The MTA's weekend advisory told us the F train wouldn't be stopping at 14th Street, so we got off the L train at First Avenue and figured, since the rain had let up, that we could walk the sixteen blocks south to Bluestockings, which is on Allen Street (the continuation of First) near Stanton. Get there if you haven't for lots of cool books you will not find at any other New York bookstore, amazing radical T-shirts and other stuff, and good coffee and a place to hang out.
Unfortunately, it began to rain as we approached 12th Street and by St. Marks Place we were in a downpour. Despite our umbrella, we were kind of drenched when we got to Bluestockings, but luckily, Randa hadn't started reading yet.
We had never met her, but we have emailed after enjoying her work online, starting with her story "You Are a 14-Year-Old Arab Chick Who Has Just Moved to Texas," which won the Million Writers Award, StorySouth's prize for the best online fiction of the year, in 2004. Originally published online at Lee Klein's classic webzine Eyeshot, it's a terrific story, one we've taught to students at a Jewish high school and in a university class in immigrant lit.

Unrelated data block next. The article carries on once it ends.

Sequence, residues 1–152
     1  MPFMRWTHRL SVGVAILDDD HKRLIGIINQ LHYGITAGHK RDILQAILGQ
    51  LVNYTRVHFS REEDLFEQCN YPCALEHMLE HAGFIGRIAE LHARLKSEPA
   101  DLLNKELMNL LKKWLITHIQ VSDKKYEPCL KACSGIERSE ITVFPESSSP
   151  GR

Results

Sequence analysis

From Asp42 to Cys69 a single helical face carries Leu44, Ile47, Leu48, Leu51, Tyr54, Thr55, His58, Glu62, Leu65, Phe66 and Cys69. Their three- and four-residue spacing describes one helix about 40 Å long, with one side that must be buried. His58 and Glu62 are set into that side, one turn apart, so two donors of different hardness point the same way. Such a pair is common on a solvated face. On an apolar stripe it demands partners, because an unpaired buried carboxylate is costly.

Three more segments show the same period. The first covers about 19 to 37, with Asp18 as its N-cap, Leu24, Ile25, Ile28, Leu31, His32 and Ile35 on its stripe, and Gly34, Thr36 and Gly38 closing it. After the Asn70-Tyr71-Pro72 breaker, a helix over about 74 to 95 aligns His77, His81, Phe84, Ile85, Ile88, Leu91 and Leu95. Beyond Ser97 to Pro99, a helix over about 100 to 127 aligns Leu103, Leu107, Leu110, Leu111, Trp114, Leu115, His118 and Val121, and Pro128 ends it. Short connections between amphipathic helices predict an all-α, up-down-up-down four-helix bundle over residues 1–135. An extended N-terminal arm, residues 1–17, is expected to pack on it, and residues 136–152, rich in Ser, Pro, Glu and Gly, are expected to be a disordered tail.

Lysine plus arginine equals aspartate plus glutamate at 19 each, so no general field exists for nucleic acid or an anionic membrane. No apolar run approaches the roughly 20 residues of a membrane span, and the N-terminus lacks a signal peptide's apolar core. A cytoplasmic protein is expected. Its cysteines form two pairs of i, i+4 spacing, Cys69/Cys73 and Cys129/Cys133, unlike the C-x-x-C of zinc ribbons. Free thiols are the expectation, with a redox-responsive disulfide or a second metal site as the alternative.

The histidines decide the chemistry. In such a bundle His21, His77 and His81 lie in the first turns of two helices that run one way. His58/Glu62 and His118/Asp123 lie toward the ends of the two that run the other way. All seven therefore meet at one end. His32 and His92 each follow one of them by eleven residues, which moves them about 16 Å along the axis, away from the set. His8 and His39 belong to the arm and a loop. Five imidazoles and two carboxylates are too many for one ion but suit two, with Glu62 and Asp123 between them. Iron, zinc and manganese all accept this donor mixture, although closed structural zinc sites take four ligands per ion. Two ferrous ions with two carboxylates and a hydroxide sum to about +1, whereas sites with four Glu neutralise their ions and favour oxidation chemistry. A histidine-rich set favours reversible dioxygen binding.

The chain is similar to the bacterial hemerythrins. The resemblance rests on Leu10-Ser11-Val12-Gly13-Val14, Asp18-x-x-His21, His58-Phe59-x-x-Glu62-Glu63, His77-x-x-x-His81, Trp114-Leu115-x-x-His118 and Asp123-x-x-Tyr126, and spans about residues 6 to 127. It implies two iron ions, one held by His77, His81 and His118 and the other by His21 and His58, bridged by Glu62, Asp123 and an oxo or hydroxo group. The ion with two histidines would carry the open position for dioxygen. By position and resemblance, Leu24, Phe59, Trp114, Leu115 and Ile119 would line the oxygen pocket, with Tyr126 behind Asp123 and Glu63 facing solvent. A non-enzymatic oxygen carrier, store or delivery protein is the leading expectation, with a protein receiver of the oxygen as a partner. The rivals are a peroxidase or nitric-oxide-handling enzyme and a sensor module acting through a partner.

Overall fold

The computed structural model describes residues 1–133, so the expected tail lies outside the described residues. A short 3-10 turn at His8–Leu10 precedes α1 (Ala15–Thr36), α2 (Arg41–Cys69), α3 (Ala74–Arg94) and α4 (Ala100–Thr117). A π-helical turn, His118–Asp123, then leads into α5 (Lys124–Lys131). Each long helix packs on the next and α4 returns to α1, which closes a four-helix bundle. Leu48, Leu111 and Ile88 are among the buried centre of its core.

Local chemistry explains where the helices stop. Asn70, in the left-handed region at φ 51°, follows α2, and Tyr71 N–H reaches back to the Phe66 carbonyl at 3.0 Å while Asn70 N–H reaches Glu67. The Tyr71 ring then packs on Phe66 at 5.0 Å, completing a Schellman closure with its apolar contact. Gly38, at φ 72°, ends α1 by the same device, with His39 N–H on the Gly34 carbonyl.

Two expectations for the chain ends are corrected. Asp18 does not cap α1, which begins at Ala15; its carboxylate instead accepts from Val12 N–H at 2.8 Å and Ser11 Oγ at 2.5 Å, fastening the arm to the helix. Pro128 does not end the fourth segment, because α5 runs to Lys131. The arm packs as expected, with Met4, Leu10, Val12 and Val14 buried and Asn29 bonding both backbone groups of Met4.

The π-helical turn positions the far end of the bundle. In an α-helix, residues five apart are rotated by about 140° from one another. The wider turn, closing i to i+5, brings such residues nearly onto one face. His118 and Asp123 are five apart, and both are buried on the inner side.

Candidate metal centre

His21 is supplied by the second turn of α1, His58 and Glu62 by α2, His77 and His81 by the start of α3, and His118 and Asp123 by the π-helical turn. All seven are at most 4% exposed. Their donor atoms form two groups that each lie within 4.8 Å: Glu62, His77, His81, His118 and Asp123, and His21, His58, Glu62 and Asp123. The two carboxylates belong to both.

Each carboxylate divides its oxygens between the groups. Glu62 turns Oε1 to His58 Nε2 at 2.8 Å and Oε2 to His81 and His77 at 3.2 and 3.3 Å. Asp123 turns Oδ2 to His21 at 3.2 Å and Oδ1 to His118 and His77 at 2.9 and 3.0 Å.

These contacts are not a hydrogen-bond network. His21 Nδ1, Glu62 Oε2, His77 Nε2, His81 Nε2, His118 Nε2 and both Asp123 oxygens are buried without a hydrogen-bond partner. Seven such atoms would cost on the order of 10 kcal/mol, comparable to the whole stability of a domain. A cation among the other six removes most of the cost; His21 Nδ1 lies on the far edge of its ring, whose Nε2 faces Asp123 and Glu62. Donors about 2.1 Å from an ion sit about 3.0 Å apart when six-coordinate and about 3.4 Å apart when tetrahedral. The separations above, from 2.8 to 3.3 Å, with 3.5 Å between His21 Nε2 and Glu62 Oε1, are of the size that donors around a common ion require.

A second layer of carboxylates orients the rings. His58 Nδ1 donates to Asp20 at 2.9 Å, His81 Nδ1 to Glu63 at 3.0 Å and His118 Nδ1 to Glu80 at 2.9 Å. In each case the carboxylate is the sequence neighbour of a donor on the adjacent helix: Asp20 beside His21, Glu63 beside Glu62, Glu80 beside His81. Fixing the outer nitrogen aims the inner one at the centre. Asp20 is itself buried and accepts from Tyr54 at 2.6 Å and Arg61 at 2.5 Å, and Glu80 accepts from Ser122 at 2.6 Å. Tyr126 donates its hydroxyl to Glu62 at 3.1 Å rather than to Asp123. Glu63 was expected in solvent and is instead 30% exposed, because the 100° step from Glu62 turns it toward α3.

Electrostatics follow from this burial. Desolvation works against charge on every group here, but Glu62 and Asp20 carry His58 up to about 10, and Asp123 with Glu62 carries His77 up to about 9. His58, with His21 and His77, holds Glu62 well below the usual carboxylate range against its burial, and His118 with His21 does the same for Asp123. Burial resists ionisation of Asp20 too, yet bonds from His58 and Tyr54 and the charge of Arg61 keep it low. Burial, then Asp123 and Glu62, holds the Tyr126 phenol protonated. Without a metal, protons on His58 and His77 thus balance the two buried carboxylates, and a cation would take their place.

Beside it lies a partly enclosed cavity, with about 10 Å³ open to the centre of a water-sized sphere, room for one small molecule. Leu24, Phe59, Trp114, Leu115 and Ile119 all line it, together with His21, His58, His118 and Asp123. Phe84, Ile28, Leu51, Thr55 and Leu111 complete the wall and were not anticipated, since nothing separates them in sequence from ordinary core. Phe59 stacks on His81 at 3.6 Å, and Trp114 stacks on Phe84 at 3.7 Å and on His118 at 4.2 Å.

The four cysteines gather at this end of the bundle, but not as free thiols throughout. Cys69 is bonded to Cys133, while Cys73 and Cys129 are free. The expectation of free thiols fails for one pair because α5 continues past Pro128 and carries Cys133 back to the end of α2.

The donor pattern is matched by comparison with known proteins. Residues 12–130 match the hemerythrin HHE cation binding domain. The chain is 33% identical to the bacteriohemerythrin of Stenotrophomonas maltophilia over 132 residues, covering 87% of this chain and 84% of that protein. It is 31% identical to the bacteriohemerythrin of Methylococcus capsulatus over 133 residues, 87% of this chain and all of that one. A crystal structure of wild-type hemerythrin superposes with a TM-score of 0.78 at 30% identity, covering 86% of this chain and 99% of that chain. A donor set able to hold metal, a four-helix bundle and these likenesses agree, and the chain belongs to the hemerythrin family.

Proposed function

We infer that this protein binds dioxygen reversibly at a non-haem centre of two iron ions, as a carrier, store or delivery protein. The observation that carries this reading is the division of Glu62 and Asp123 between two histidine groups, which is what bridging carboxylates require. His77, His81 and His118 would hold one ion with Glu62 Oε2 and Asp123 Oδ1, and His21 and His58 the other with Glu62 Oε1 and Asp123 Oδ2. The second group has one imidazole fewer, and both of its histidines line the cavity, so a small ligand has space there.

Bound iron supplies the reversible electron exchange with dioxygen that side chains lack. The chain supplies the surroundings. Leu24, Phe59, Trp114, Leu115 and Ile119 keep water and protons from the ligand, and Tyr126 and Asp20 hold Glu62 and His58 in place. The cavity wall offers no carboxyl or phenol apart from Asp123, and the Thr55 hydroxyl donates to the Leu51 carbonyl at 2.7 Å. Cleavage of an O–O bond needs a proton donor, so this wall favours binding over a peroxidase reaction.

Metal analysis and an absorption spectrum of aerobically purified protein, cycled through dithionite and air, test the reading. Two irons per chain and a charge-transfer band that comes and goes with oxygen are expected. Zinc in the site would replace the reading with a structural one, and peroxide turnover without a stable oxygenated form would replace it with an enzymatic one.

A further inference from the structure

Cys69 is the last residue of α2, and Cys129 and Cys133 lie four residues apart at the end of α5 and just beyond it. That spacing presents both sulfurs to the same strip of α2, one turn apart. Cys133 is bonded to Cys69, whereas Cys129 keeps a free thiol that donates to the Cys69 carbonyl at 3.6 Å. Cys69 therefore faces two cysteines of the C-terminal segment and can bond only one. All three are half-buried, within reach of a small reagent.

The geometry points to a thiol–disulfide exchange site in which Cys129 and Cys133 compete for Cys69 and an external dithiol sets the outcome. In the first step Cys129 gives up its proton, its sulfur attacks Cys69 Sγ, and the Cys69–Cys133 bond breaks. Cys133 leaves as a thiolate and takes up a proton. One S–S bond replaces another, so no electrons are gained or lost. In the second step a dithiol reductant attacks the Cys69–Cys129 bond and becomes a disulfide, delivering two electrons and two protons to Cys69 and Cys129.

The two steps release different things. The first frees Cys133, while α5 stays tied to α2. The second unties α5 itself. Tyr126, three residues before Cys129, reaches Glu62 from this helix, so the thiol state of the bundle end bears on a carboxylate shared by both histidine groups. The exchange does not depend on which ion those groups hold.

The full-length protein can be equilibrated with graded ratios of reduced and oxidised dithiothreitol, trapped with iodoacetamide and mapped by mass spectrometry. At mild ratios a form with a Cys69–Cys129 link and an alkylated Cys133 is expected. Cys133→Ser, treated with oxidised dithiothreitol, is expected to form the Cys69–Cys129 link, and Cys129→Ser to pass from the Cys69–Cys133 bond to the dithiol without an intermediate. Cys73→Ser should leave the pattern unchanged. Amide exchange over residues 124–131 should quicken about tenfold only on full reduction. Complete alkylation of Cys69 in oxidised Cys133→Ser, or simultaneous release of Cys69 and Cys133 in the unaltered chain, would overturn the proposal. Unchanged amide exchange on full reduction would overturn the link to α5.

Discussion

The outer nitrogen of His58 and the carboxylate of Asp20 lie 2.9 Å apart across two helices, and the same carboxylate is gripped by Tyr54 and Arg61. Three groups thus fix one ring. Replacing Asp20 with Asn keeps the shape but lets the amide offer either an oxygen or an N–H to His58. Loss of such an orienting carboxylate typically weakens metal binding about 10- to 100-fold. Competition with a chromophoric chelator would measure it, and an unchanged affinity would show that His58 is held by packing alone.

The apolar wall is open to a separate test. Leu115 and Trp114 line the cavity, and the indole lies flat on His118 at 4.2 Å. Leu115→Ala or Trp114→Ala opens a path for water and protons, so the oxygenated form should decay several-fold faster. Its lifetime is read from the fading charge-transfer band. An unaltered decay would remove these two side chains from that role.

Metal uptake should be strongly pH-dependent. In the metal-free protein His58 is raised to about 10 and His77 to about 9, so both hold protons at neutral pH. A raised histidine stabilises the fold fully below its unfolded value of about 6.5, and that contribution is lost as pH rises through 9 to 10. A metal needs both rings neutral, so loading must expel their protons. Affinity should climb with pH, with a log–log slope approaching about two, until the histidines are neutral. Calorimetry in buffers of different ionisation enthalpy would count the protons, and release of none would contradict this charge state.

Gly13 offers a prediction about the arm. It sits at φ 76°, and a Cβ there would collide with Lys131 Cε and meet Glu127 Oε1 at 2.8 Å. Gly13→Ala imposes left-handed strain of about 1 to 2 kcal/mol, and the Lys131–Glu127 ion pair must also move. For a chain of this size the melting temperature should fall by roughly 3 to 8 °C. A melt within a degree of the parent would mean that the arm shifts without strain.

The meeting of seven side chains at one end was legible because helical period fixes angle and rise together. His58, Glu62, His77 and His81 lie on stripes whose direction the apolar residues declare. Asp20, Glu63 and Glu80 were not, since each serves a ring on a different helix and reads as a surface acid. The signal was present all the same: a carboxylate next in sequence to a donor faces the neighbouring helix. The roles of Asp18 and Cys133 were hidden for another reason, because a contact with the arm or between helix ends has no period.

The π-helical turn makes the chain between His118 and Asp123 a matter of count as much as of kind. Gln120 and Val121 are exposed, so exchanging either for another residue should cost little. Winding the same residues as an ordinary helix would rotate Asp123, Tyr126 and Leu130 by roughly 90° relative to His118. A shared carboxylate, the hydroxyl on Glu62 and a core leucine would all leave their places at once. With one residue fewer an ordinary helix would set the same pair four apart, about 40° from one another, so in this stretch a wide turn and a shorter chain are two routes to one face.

(Intrusive and obnoxious local self-promoting aside: our story "Branch Libraries of Southeastern Brooklyn" was a finalist for the Million Writers Award the next year. It's in a Dumbo Books book. End of commercial interruption.)
Randa also writes the spicy blog Rockslinga. Here's her official bio: